Jury selection postponed in Charleston church shooting federal trial

Police tape surrounds the parking lot behind the AME Emanuel Church as FBI forensic experts work the crime scene, Friday, June 19, 2015 in Charleston, S.C. (Photo: Stephen B. Morton/AP Photo)

Police tape surrounds the parking lot behind the AME Emanuel Church as FBI forensic experts work the crime scene, Friday, June 19, 2015 in Charleston, S.C. (Photo: Stephen B. Morton/AP Photo)

Jury selection for the federal case of a white man who shot and killed nine black parishioners at a South Carolina church last year was postponed until Wednesday.

U.S. District Judge Richard Gergel began Monday’s proceedings by announcing a request from 22-year-old Dylann Roof’s lawyers regarding his right to a fair trial.

Some 516 potential jurors reported to courthouse Monday to begin the weeks-long process of winnowing down the list to just 18-12 jurors plus six alternates, CBS News reported. The first panel of 10 jurors were preparing to appear before the judge when Gergel announced the change in schedule.

After conducting the 11 a.m. closed hearing, Gergel dismissed the potential jurors and said the selection process will resume Wednesday.

In a redacted memo released Monday evening, Gergel explained why he kept the media and the public out of the surprise hearing, saying it would have violated client-attorney privilege and infringed upon Roof’s sixth amendment rights.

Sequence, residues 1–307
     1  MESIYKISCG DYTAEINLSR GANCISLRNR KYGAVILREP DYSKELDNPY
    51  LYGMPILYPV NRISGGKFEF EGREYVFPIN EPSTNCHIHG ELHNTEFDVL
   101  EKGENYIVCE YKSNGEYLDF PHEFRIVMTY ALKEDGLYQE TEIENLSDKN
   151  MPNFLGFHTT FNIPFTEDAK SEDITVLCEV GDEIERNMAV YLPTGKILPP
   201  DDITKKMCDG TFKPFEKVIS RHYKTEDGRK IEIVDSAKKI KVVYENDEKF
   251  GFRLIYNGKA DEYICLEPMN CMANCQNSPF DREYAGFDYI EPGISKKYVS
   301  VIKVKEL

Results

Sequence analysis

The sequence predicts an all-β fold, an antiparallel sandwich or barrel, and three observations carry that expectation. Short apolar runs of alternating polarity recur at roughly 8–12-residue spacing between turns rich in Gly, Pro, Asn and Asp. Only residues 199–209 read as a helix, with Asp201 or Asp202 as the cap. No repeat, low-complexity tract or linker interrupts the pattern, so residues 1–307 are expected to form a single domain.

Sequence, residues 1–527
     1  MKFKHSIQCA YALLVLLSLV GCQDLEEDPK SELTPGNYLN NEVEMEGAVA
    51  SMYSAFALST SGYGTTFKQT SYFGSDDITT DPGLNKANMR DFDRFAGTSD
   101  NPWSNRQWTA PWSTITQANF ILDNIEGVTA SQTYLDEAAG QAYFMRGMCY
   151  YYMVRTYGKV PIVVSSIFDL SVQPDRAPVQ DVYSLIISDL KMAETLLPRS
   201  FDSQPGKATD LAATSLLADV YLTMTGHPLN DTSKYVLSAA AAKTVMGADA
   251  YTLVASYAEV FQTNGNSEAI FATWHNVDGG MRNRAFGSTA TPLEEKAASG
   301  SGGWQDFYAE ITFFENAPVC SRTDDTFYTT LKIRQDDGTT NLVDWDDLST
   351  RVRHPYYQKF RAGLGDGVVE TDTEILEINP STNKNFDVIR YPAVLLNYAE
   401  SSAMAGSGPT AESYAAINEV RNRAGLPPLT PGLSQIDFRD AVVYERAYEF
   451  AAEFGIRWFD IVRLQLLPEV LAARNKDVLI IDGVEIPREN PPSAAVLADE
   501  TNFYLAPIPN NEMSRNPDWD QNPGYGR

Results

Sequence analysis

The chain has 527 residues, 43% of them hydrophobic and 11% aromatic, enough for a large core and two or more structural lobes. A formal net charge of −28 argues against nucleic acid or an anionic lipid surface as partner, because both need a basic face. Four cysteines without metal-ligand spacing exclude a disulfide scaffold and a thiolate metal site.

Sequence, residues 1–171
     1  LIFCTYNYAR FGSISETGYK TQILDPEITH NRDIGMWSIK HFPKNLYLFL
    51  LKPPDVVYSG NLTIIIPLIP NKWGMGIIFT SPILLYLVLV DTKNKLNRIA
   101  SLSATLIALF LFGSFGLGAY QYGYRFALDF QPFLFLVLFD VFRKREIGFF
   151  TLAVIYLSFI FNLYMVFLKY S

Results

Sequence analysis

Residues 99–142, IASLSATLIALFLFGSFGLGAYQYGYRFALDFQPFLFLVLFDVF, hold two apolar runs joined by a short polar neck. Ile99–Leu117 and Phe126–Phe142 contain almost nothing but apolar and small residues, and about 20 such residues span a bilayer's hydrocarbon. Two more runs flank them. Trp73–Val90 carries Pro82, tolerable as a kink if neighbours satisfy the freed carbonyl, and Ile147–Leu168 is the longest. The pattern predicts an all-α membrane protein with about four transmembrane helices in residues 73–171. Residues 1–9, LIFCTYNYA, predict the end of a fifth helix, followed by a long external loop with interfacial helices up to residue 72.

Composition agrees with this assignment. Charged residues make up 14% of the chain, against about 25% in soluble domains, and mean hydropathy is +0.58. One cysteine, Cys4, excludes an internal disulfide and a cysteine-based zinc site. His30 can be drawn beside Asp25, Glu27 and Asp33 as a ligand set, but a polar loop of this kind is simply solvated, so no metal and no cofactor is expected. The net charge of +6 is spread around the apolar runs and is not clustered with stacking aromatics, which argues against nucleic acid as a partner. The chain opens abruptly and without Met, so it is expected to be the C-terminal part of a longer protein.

“This is an unusually sensitive period in this proceeding where highly prejudicial pre-trial publicity could taint the jury pool and make selection of a fair and impartial jury increasingly challenging,” he wrote.

Roof faces 33 federal offenses, including hate crime charges and obstruction of religion, for gunning down nine black parishioners during a bible study at the Emanuel African Methodist Episcopal Church in Charleston on June 17, 2015.

Court documents describe Roof as a self-identified white supremacist who targeted the historically black church with the intention of starting a race war.

Federal prosecutors are seeking the death penalty. Court officials told CBS News opening statements may not start until after Thanksgiving.